No, it’s not perfect. It’s not as high-resolving as most modern lenses. But it’s excellent at what it purports to be: (according to the manufacturer) “a good balance between the pursuit of large aperture and image quality.”
Stuff like this is a double-edged sword. On one hand, it makes it very affordable to take good quality images that can easily be printed at 8″x10″ or maybe even larger with some adjustments. On the other hand, when lenses at this level of decency can be made so inexpensively, it’s a signal that the medium is reaching the end of the line.
Already there are people claiming that handphone image quality will eventually surpass that of standalone cameras. That wouldn’t surprise me at all. When Dr. Mandler started using computers to design lenses, it cracked the door open for what we see following now, things like replacing a whole sky in an image with the click of a button.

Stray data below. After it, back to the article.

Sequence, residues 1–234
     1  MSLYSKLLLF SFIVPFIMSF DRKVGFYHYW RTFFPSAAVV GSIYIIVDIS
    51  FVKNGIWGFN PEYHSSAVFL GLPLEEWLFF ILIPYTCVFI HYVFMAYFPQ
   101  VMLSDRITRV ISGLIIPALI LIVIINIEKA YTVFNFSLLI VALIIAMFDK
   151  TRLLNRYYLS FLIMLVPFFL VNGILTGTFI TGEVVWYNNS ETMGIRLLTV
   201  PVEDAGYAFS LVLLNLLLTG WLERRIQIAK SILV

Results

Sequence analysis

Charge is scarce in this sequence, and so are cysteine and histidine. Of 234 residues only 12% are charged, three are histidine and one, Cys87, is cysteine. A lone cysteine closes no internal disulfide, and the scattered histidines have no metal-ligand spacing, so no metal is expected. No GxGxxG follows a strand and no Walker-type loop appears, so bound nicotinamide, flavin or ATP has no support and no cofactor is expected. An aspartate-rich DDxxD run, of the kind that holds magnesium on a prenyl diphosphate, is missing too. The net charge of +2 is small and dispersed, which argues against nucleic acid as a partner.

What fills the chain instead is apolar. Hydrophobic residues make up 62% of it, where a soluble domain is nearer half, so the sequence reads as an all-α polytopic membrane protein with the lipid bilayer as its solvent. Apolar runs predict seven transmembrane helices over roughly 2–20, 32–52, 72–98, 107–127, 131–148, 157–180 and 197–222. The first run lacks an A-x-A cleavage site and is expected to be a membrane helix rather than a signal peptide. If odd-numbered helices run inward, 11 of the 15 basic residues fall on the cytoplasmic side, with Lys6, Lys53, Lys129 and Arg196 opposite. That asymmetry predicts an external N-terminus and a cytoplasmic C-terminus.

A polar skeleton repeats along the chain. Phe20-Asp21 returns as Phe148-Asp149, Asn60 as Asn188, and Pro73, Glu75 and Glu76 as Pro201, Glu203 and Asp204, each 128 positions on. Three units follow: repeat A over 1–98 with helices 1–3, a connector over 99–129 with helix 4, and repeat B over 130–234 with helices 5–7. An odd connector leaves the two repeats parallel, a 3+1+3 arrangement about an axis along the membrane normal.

Don’t like that artificial kind of stuff, you say? Well, for me it depends on how much of it is used and what it’s used for. Real life scenes don’t have chromatic aberration in them, and we’ve been using software to correct that for years now.
I’ve often said that I like my photos to end up looking like what I saw with my eyes, without any surreal sunsets, etc. But at the same time, I’ve acquired Mandler lenses (among others) because I liked their “look,” which may have slightly augmented or differed from what I saw with my eyes.
Computational imaging with perfect bokeh, accurate shadows and light, etc., in a palm-sized device? Bring it on! But don’t expect me to actually switch to a handphone for photography until I see an optical 600mm f/4 in one!